With school security on everyone's mind, the Greenwich PTA Council Wellness Committee is sponsoring a panel discussion this week focusing on children's mental health issues specifically on helping to identify them and providing resources for addressing them.
The discussion will be moderated by a panel of Greenwich Public Schools psychologists, social workers and guidance counselors including Bill Quinn, Danielle Polizzi, Nancy McGraw, Lisa Strizver, Lori Parisi and Michelle Friedman.
One Parent's Proactive Idea Spurs Forum
As the tragedy in Newtown unfolded and details emerged, parents across the country all were asking the same question of what are the warning signs. Julian Curtiss parent, Marianne Koushouris, took that question in her mind one step further. She approached Julian Curtiss PTA President Cheryl Resnick to inquire whether something could formally be organized in a format where professionals could attempt to answer such questions weighing on parents.
Koushouris felt that parents across the district would be interested in being educated in the warning signs of childhood depression and how and where to seek the proper assistance. Resnick then brought it forward to the council.
PTA Council Wellness Co-Chair Alexis Voulgaris said that her committee sought to "gather a broad range of panelists and allow them to present on a wide variety of issues facing children such as anxiety, depression, stress, anger, peer pressure, etc."
In addition, the intent of the forum is to "stress it's a great opportunity for any/all parents to hear experts talk about childhood mental health issues in a safe environment where no one is passing judgment on a parent or child for attending," said Voulgaris.
Greenwich PTA Council President Lisa Beth Savitz said of the forum that "we hope parents will gain an understanding of children's mental health issues and learn when to seek professional assistance."
The forum will take place at 7 p.m. Wednesday, Feb. 6 at the Greenwich High School Media Center. Any questions please contact email@example.com.
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The Greenwich Board of Education will convene again on Thursday, Feb. 7 for a work session.
Superintendent William McKerise will present a Diagnostic Memorandum to the board representing the district's proposed strategy and action plan to deal with lagging results on standardized tests.
Based upon analysis of district results from 2007-2011, six issues have been identified as root causes for the performance gap between Greenwich and other comparable districts in the state:
- Low student achievement in reading and mathematics at the end of primary grades;
- A recent two-year decline in writing scores measured by the CMT (Connecticut Mastery Test) in grades 3 to 8;
- Poor performance in science as measured by the CMT in grades 5 and 8 and by the CAPT (Connecticut Academic Performance Test) in grade 10;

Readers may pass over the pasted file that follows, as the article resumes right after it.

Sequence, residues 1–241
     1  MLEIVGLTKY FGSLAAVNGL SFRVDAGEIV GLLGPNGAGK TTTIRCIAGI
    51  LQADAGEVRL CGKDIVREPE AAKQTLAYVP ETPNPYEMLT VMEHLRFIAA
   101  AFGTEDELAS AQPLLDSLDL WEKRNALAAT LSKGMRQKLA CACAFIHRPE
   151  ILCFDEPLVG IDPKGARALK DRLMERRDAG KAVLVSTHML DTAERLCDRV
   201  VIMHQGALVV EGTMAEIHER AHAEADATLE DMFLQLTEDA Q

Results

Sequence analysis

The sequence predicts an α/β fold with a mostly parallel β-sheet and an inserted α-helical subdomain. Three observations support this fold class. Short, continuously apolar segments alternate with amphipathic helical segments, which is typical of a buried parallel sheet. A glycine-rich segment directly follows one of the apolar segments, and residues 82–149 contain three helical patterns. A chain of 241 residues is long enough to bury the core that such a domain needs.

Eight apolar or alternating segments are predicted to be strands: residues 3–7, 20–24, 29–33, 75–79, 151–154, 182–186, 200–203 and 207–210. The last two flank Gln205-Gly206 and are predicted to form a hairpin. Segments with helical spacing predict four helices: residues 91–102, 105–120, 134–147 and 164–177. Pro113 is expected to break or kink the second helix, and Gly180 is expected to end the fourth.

- Achievement gaps in student subgroups such as free and reduced lunch;
- A lack of growth in both mathematics and reading scores for Greenwich students in grades 5 to 6 as compared to other districts;
- A lag in performance for students who are new to the district.
In response to these issues, the Board of Education decided in June 2012 to adopt three goals which they believed would drive improved district performance through the 2014-2015 school year:
- Reading - increase the % of students Goal/Mastery at the CMT to 83%;
- Mathematics - increase the % of 8th grades students who successfully pass Algebra I to 75%;
- Writing - increase the % of Grade 8 students at Goal/Mastery in CMT Writing to 87%.
In undertaking its analysis, the district noted that while the appropriate professional practices have been implemented, their impact has been negatively impacted by competing practices that utilize the time that should be applied for discussing, collaborating on and planning these action plans.
McKerisie will present a 23-page Diagnostic Memorandum Progress Update identifying the "priority work" organized by "cause," "solutions" and "strategies" for each goal as well as next steps.
For example, the critical skill of reading is noted as a centerpiece for the new Common Core Standards adopted by the State and the District. The report notes that "students learn to read so they can read to learn."
Despite years of focusing resources at improving reading skills for its students, the report notes that "the percentage of Greenwich third grades achieving at goal or higher on CMT reading has been flat or lagging to comparable districts in 2011." The report articulates four causes, a variety of potential solutions, the strategies the district is undertaking to deal with the issue and the current status and update.
While dense with information, the report is notable for its focus on detailed goals and action steps to deal with an issue which has become a perennial sore-point for the Greenwich community; the seemingly continuing lag in standardized test scores for students attending the Greenwich Public School system in relation to comparable districts.
Other monitoring reports to be presented include:
- First Reading, Monitoring Report E-001/003, Special Education ;
- First Reading, Monitoring Report E-001/003, Visual Arts
The meeting is at 7 p.m. in the board room at the Havemeyer Building, 290 Greenwich Ave.